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Feeding cows hemp helps them relax, federally funded study finds

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Compared to the control group, hemp-fed calves spent more time lying down and had lower levels of stress hormones.

Written by Susan Perez, Kansas News Service

A new study suggests that feeding industrial hemp to livestock – a cousin of horticultural marijuana – reduces their stress levels and makes them lie down more.

This may be beneficial for ranchers because rested calves tend to be healthier. Researchers at Kansas State University said that hemp could be a natural way to reduce stress-related respiratory infections and other illnesses when livestock are transferred or weaned from their mothers.

Mike Kleinens, assistant professor of beef production medicine at K-State College of Veterinary Medicine, recently published the study results in Scientific Reports.

“We may have a more natural way to reduce livestock stress,” he said. “And we are just beginning to discover some of the benefits.”

Klinens study 16 Holstein heads are involved. Over a two-week period, half of the calves consumed conventional forage and the other half ate a mixture of forage with industrial hemp. It’s a type of cannabis that contains the chemical compound CBD with lower levels of the psychoactive ingredient THC – the substance that makes you high.

CBD is a common remedy for relieving pain and anxiety.

Kleinins and his team tracked the cattle’s movements and also monitored their blood for cortisol and prostaglandins, two biomarkers of stress. Compared to the control group, hemp-fed calves spent more time lying down and had lower levels of stress hormones.

Kleinens said the team also found that cannabis was absorbed but not accumulated in the calves’ systems.

“It was kind of an exploratory study that yielded some really interesting results,” he said. “You usually don’t go hunting and find things like that.”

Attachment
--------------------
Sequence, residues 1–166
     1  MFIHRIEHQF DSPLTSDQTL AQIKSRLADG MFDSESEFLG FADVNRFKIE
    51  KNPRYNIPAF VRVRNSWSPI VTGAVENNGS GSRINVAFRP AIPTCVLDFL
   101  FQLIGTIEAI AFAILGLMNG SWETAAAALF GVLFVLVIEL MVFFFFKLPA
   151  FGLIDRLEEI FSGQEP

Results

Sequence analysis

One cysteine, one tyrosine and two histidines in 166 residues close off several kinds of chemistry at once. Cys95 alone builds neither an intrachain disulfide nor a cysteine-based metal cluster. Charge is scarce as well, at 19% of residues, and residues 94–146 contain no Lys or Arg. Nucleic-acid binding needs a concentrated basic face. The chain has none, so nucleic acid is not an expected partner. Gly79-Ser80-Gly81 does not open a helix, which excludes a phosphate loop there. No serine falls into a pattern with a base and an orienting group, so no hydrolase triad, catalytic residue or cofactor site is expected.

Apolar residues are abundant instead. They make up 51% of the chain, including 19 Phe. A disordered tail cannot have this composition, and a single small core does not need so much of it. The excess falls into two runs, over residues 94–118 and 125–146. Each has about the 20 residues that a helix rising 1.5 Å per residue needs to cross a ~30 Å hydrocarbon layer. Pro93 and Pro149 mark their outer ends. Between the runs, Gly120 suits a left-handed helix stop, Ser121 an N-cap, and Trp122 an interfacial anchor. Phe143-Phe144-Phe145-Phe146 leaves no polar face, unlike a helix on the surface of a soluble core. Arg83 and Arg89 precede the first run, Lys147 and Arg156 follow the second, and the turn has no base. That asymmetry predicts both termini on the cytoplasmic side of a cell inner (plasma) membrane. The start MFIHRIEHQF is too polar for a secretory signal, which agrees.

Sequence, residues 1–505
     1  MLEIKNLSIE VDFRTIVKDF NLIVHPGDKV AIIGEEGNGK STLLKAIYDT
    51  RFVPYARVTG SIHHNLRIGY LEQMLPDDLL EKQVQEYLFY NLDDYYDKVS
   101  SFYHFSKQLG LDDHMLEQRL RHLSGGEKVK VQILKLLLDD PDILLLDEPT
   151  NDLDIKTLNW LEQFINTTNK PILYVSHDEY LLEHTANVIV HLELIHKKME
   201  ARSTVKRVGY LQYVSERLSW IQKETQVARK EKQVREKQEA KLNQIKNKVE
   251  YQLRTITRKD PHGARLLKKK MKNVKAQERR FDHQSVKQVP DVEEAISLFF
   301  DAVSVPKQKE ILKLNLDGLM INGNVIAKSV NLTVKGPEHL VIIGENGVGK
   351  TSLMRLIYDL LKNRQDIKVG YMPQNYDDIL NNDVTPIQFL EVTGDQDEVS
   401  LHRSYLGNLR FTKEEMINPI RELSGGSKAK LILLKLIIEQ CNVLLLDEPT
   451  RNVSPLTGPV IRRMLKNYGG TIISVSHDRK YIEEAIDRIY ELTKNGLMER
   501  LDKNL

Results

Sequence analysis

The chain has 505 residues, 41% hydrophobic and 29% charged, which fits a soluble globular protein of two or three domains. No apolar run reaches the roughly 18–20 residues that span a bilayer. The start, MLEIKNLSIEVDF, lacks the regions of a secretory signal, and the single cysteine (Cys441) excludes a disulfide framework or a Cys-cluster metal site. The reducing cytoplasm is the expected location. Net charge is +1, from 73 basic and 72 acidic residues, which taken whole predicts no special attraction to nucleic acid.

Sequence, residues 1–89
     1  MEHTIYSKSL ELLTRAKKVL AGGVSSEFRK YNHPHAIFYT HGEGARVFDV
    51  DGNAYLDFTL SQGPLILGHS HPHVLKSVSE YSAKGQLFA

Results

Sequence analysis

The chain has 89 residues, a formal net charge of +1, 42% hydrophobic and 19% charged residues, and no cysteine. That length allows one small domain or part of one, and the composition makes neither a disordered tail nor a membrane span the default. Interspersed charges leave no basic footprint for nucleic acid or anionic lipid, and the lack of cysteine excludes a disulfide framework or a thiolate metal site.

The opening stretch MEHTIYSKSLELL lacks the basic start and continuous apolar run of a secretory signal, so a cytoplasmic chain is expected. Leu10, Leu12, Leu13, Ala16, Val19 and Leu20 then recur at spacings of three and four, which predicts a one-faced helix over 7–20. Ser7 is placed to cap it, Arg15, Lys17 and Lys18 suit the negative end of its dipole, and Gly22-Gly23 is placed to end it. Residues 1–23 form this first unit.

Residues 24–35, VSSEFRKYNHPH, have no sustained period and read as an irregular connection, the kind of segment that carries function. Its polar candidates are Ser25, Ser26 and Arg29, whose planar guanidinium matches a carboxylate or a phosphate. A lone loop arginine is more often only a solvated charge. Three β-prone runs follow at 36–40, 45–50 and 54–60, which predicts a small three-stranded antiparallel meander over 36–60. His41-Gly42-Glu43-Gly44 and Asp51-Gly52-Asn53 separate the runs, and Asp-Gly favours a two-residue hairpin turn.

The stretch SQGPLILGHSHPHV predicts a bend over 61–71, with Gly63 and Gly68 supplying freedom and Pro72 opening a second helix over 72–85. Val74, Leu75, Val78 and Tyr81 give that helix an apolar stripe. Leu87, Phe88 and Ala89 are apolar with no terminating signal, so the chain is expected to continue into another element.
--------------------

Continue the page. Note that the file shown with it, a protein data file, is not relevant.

Livestock that are more relaxed can benefit ranchers when it is time to wean them or move them to fattening pens when the stress of nearby neighborhoods sometimes leads to respiratory infections or other illnesses.

After the 2018 Farm Bill legalized hemp production in the United States, interest in hemp as an agricultural commodity grew, including as animal feed. But FDA approval will be required before feeding cannabis to livestock or pets.

In 2020, the K-State team received a $200,000 research grant from the USDA to Safety Analysis of Industrial Hemp as Livestock Feed.

Currently, growers who deal in the CBD oil market employ processors to extract the oil from hemp seeds or flowers. The process leaves large amounts of plant material of little value.

If these byproducts, which contain trace amounts of CBD or THC, could be used to feed livestock, they would benefit ranchers and keep waste out of landfills, Kleinens said.

“It’s the old cow recycling system,” he said. “Similar to the ethanol story, where cattle are fed grain distillates from ethanol production.”

Follow-up studies will look at how CBD is absorbed by cattle and its potential impact on food products.

“We want to understand the entire timeline, from the time of the last consumption of the animal [hemp compounds] How long can they safely go into the food chain and not have those compounds in the system,” Kleinens said.

This was the story first published by Kansas News Service.

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